A thin breeze skittered across the Gulf of Maine, and a low cloud ceiling stamped out any moonlight, making for a dark night aboard my dad’s J/44, Southern Cross. My wife and I were standing watch with nothing to look at save a few distant lights. While she enjoys excellent vision, I suffer from severe red-green color blindness, which made it hard to determine whether I was looking at bow and stern lights, multiple vessels, or both. Given that in August of 2006, the Automatic Identification System (AIS) as we know it today wasn’t yet widespread among recreational craft, we spent the next few minutes trying to discern the nature of the scene before consulting the radar, getting on the VHF and waking our captain.
We eventually determined that these lights belonged to two moderate-size commercial fishing vessels anchored close together somewhere off Gloucester, Massachusetts, and that passing well astern would be simple. While this situation illustrates how confusing nighttime navigation can be, AIS technology has since removed the (ugly) word “assumption” from most crossing situations, while also providing significantly better situational awareness. Here’s a look at what’s changed in the decade since that confusing summer night.
A Look at the Gear
While AIS technology is capable of disseminating a wide range of information, its most common use is to allow mariners to “see” other nearby traffic to avoid vessel-to-vessel collisions. The basic concept is fairly simple: An onboard AIS transponder broadcasts a vessel’s speed, course and location information, derived from the unit’s internal GPS, along with the boat’s unique nine-digit MMSI number, assigned by the FCC. The information is sent out over dedicated VHF channels while the AIS transponder also listens for other vessels’ incoming signals. Properly programmed MMSI numbers allow a mariner to directly call another vessel (think of a cellphone number for your VHF) rather than rely on easily missed VHF broadcasts. In many cases, AIS information can be overlaid onto an electronic nautical chart (or radar display), giving navigators a tremendous level of big-picture awareness, especially when paired with radar imagery.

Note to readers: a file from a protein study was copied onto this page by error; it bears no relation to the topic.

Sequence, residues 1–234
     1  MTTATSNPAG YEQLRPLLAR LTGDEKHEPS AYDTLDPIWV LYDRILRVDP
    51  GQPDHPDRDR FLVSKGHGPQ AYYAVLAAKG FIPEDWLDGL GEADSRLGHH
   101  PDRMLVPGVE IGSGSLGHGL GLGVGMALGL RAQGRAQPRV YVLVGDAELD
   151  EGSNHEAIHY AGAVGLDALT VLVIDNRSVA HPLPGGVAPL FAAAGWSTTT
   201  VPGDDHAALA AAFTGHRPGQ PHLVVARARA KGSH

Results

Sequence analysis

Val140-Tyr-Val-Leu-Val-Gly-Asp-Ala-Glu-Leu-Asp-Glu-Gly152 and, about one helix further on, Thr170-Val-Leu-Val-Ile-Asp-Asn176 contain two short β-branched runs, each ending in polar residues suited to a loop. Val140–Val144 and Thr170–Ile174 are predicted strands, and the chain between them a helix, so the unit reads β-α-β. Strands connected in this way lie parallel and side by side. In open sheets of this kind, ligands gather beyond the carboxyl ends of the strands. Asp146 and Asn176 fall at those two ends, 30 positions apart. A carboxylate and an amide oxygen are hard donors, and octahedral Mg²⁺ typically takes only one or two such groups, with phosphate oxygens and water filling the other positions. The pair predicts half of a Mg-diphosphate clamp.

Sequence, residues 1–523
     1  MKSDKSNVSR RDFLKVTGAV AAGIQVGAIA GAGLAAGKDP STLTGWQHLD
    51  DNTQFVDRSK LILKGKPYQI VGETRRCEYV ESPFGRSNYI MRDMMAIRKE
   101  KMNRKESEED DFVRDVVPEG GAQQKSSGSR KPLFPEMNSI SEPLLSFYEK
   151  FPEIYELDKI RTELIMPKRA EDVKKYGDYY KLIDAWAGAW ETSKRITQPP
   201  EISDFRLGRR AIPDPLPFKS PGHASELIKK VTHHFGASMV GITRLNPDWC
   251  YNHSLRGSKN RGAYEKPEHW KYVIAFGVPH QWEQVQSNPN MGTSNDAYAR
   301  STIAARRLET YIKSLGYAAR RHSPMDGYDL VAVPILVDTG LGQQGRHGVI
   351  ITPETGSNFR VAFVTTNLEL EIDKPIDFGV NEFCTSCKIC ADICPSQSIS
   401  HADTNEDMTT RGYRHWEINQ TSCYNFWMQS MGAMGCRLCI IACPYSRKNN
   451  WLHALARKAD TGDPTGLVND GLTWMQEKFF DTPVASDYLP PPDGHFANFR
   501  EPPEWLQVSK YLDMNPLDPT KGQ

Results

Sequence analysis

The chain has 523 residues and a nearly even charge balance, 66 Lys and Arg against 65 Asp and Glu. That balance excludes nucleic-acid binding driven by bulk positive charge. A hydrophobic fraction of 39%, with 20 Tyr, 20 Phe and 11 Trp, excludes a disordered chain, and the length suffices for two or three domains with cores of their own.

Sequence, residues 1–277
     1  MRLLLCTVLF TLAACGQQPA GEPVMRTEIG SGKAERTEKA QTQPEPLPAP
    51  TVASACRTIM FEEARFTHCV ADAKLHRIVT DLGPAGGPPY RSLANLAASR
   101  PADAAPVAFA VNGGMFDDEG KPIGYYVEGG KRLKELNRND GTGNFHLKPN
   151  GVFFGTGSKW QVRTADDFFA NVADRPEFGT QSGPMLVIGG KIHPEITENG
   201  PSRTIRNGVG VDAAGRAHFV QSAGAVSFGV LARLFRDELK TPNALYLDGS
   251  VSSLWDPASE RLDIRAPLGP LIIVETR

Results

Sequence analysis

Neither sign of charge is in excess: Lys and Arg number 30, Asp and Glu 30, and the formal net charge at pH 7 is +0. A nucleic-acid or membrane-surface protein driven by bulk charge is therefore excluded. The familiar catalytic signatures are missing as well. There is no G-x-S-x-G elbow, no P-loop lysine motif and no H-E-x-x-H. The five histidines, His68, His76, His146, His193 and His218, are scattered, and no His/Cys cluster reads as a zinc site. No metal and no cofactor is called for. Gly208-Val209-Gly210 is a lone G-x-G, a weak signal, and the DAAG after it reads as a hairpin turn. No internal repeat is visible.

There are two types of AIS available to mariners: Class A and Class B (see “AIS Carriage Requirements,” below).While some may find the technical details of interest, the biggest differences between these devices are their power, range, transmitting rates, and who uses which unit. Class A AIS is typically used by commercial vessels (or fast-moving recreational boats) and features 12.5 watts of transmitting power. Class A transponders have a variable reporting rate of once every two to 10 seconds, depending on the vessel’s speed. (This rate drops to once every three minutes if the vessel is traveling at less than 3 knots, and once every six minutes when the vessel is anchored.) They are required to have a dedicated display screen, and contemporary Class A units are designed to display both Class A and Class B AIS target information. Critically, Class A units broadcast their transmissions using the Self-Organizing Time-Division Multiple Access (STDMA) scheme, which is an automated method that allows different users to efficiently share finite channel access.
Class B AIS is primarily aimed at the recreational marine market and will eventually be available in two varieties: AIS Class B/SO, which uses the same STDMA scheme as Class A units, and AIS Class B/CS, which uses a Carrier Sense Time Division Multiple Access (CSTDMA) scheme. Unlike the STDMA scheme, which announces the time slots for transmission in advance, the CSTDMA scheme continually monitors a unit’s designated frequencies and selects unused slots. Moreover, Class B/SO units feature 5 watts of transmitting power and a reporting rate of once every five to 30 seconds, depending on vessel speed, while Class B/CS units feature 2 watts of transmitting power and a static reporting rate of once every 30 seconds. Both units reduce their reporting rate to once every three minutes for vessels traveling at less than 2 knots, and once every six minutes when anchored.
Given that most cruising sailboats travel at speeds well below 20 knots (the speed at which reporting rates become germane, as fast boats can outpace their reporting rates when using Class B/CS), most cruisers can safely spec a Class B/CS transponder. (As a side note, while the Coast Guard has approved AIS Class B/SO units, as of this writing, they are not yet commercially available.)
While Class B/SO units are required to have a dedicated display, separate screens are optional for Class B/CS units. Because of this, many AIS manufacturers build black-box Class B/CS units, which can be networked with a vessel’s multifunction display or plotter in order to graphically present a target list atop the cartography. Most Class B units are compatible with NMEA 0183 (and sometimes NMEA 2000) data backbones, making it easy to network them to an MFD.